exactly the upstart party would put atop the main economic portfolios if it formed the next government, but the party’s candidate list is lacking in economic and financial gurus.

Meanwhile, the upstart Matchima Thippitai Party (MTP), led by former cement and petrochemical tycoon Prachai Leophairatana, is promising an even more aggressive populism of 42 welfare-oriented policies. The MTP’s targeted infrastructure spending
plans overlap with those of the Democrats and the PPP, including new mass transit lines for Bangkok and a major upgrade of the national rail system. However, Prachai has also oddly broached resurrecting the Kra Canal project, which was first talked of over a century ago but never realized because of the extraordinary costs involved. The project would cut across southern Thailand to link the Andaman Sea and the Gulf of Thailand, saving maritime traffic from having to use the Malacca Strait.

The MTP is also offering to serve up an even larger entree of populist spending programs, including a significant expansion of the previous government’s universal health care scheme, doubling the size of the previous government’s 1 million cows policy to 2 million cattle, and a richer universal education scheme, including free food, uniforms and textbooks for schoolchildren.

Prachai, who famously defaulted on billions of dollars worth of debts held by foreign banks in the wake of the 1997-98 Asian financial crisis, and who also helped to finance the anti-government rallies which contributed to Thaksin’s demise, has let it be known he expects to be appointed finance minister in exchange for delivering his elected MPs to any Democrat-led coalition government.

Moreover, his pitched battle with foreign creditors to retain control of his indebted companies, and his recent statement that Thailand needs to follow the strong state-led economic models seen in Singapore and Malaysia, have already raised reservations among some foreign analysts about a new wave of market-distorting economic nationalism if Prachai has significant sway over the next government’s economic policymaking.

Fiscal fears

Fears of a possible fiscal blowout similarly attended Thaksin’s populist pledges after his landslide election win in 2001. Despite a weak fiscal position and underlying financial problems on bank balance sheets, those concerns never materialized as the country exported itself back to financial health. Despite aggressive political marketing, Thaksin’s grassroots spending never amounted to more than 80 billion baht (US$2.5 billion) per year, much less than the amount he dedicated to bailing out indebted corporate elites through the Thailand Asset Management Company.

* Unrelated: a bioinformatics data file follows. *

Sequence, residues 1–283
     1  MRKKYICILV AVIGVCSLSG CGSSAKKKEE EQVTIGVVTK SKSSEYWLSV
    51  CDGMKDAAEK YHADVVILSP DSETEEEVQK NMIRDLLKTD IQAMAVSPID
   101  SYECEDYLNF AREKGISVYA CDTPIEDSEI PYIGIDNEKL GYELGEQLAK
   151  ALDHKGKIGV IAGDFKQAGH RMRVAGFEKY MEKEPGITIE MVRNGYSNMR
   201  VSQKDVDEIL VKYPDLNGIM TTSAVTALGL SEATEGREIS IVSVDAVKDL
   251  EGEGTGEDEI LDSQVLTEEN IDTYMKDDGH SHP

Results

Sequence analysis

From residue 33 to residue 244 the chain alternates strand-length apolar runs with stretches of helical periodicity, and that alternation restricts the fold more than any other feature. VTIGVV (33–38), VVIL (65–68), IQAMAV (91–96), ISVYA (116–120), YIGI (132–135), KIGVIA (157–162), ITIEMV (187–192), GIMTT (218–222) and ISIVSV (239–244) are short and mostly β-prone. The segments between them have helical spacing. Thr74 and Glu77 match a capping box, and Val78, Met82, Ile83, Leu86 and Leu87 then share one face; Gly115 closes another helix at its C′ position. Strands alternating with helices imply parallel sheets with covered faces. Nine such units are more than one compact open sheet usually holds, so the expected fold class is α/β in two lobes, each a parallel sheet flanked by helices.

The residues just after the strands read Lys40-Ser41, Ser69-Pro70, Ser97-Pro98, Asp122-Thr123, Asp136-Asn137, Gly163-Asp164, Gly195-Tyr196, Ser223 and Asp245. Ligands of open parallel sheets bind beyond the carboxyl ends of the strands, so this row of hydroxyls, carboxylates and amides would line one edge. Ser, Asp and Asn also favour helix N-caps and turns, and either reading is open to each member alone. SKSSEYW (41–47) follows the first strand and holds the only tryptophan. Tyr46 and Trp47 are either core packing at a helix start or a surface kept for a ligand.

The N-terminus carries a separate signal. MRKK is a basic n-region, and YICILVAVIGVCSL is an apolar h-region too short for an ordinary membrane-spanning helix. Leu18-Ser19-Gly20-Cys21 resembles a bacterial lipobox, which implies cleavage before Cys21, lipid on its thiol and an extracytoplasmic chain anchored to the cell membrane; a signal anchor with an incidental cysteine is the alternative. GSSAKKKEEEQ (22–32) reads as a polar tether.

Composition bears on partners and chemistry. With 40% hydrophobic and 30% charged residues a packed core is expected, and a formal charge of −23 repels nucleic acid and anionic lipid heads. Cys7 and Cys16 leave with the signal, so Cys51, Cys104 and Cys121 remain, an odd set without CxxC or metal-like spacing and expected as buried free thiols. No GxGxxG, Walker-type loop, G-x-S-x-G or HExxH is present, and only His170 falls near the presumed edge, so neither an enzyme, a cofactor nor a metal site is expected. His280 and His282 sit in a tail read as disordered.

While Thailand now has more fiscal room to maneuver, with strong reserves and a more manageable public debt load, some economic analysts still fear that poorly designed populist spending programs could give rise to new financial problems, particularly if they lead to one-off spending and fail to spark substantially faster economic growth. Local investment bank Phatra Securities warned in a recent research note that “more populist spending by the next government could seriously affect the country’s fiscal position over the medium term” – particularly if as expected export growth continues to slow.

Yet it seems just as likely that the next government will not be able to spend as fast as promised on the campaign trail. Even Thaksin’s aggressive approach to fiscal spending was restrained by a slow-moving bureaucracy, where several layers of approvals are required to actually disburse funds earmarked and approved by Parliament. Now with the recent investigations into and recriminations against Thaksin’s government, the bureaucracy is likely to move even slower when making future disbursements, due to concerns that they could be held accountable in a possible future opposition-led purge.

At the same time, the old-school machine politicians queuing up to join the next coalition government will after several years of political paralysis and a recent period of military rule be eager for new government contracts to revive their starved patronage networks. If history is any guide, competing political interests in the next coalition government will complicate the design and delivery of both populist and big-ticket infrastructure projects and the inability to ram through spending will likely put added stress on what is expected to be an already delicate political balance, regardless if the Democrats or PPP are in the lead.

Indeed, Democrat deputy leader Korn recently told a group of foreign investors that his party expects the next coalition government to last for only two of its four-year term before collapsing due to factional infighting. He said that if the Democrats form the next government they plan to quickly ramp up spending and stimulate the local economy to bolster their chances at the next round of polls. If that’s the plan, it seems unlikely all the political spending promises will be money well spent.

Shawn W Crispin is Asia Times Online’s Southeast Asia Editor. He may be reached at swcrispin@atimes.com.
(Copyright 2007 Asia Times Online Ltd. All rights reserved. Please contact us about sales, syndication and republishing.)